Music City Madness: Chapter 74-75

Crammed in the last row of the standing-room-only section reserved for VIP guests, Melissa maneuvered around a pair of taller gentlemen gazing at the Jumbotron and the swooping television cameras above the sold-out space inside the Bridgestone Arena, where thousands of delirious, screaming fans enjoyed another Brooks & Dunn ballad. Caught in the rapture of live music, her life made sense again. She had her boys. She had an agent who supported her decisions, and she had her career on track for the first time in years. Her carte blanche pass to the best show of 2010 notwithstanding, she embraced the action off stage, an anonymous observer lost in the crowd, adrift in her indecision about the man who stole her heart.

* * *

Sid put his hand on Leland’s shoulder. “You’re on in ten minutes,” he shouted backstage above the sound of live music.

Leland picked at the strings on his unplugged guitar while the rest of his band huddled in the staging area amongst the entourage of country acts waiting to grab the spotlight. “I think I’m going to be sick.”

“No you’re not. You were born for this.”

“I’ve got a big act to follow.”

“In ten minutes, you won’t remember who played before you.”

Leland shoved his hand in his pocket when his phone vibrated. His heart sank when he read the message from his wireless carrier, prompting him to enroll in paperless billing. “I’m not sure I can do this…”

“Yes you can. Your whole life has brought you to this moment. Right here. Right now. You pull this off, and your career will explode in ways you never dreamed of.”

Leland looked at Sid through sad eyes. “In some ways it already has.”

Sid acknowledged the stage hand who gave the one minute warning. “You’re almost up. Whatever feelings you have for her, you need to put them on hold.”

“What if there’s more to life than music?”

“Music is your life.”

Leland heard the audience erupt when Brooks & Dunn finished their set. “Maybe I’ve been pretending to be someone else for so long I can’t remember who I really am anymore.”

“You need to focus on the here and now. Put your feelings aside. Think about your future. This is your night, Leland.”

“Maybe, but I’d give anything to have Melissa in my life again.”

* * *

Brad Siegel studied Leland from the bank of video monitors inside the master control room. Behind him, a sound technician stepped over coax cables protruding from a wall-mounted patch panel. Production assistants and television executives lined the perimeter segregated by racks of equipment, camera control units, video servers, digital effects computers, and other electronic apparatus for the concert.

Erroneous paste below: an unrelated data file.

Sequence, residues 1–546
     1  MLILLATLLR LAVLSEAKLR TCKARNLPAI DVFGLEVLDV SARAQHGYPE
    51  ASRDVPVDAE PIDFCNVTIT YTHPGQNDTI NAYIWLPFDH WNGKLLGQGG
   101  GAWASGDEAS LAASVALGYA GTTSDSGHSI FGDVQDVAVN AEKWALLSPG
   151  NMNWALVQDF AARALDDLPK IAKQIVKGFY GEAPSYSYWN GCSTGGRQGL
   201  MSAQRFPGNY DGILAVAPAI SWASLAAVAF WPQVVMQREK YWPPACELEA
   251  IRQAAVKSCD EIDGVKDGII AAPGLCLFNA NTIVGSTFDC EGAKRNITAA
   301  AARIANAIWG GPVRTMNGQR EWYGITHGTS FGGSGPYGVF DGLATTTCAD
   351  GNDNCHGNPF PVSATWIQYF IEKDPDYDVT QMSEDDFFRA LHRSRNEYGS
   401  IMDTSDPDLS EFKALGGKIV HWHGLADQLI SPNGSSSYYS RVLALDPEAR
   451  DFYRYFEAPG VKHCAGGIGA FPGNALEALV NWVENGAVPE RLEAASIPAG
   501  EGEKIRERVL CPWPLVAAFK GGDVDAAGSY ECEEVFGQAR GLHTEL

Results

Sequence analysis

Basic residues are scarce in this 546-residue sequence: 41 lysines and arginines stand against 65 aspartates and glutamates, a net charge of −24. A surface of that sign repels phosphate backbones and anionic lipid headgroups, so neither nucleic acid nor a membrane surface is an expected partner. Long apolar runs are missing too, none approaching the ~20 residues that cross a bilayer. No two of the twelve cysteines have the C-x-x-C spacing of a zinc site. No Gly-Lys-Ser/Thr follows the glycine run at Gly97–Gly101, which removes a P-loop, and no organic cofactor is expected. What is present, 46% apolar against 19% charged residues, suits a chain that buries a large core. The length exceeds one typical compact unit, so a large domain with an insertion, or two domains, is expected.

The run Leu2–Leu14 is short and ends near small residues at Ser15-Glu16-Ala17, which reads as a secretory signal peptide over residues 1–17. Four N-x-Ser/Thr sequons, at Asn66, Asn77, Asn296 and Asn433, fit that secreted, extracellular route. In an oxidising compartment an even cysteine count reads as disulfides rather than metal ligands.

“He sounds flat,” Brad announced with his eyes on Leland and his band on stage. He pressed a single headphone speaker to his ear to hear the stage manager barking about bad lighting.

“We’re live,” a production assistant commented from across the room. “No one will hear the difference.”

Brad pointed to one of the video operators. “Switch to camera number five.”

The assistant manned the controls for the pan-tilt-zoom heads mounted along the catwalk near the ceiling. “Switching to number five.”

Brad pointed to the video monitor that showed a woman and a girl with an amputated arm standing in the right wing. “Who are they, and what the hell are they doing back there?”

* * *

Leland played through the song without incident, well aware of the crowd’s tepid response to the music he’d rather forget than have to play again. Undistracted by the glare from infernal sidelights and the high intensity arc lamps above him, he finished the song note for note with the band he’d inherited from Brad Siegel and the major record label vying for their share of future spoils. When the token applause ensued, he looked out at the sea of bodies packed inside the largest venue he’d ever played, perhaps the only major venue he would ever play. For now, the next few minutes were his to own; a decision he’d made the night before; a decision he hoped would change his life forever.

* * *

Brad hovered over a soundboard. He watched Leland slip off his guitar and step toward the piano at the back of the stage while the band made their exit. “What is he doing?”

“Don’t know,” the production assistant replied. “He’s gone off script.”

Brad slid his hand down his face. “Patch me in. I wanna talk to him now!”

“I can’t.”

“Why not?”

“He took his ear bud out.”

“Then kill his microphone.”

“I can’t.”

“Then go to commercial!”

“We’re not scheduled for another—”

“I don’t give a shit! I want him off the air!”

* * *

Leland sat at the grand piano and adjusted the gooseneck microphone in front of him. His heart pounded in his chest. “I wrote this song for someone very special,” his amplified voice boomed through the concert hall. “Someone who means the world to me. If you’re here tonight, you know who you are. I realize I can’t change the past, but I’m hoping this will show you what I’ve been trying to say.”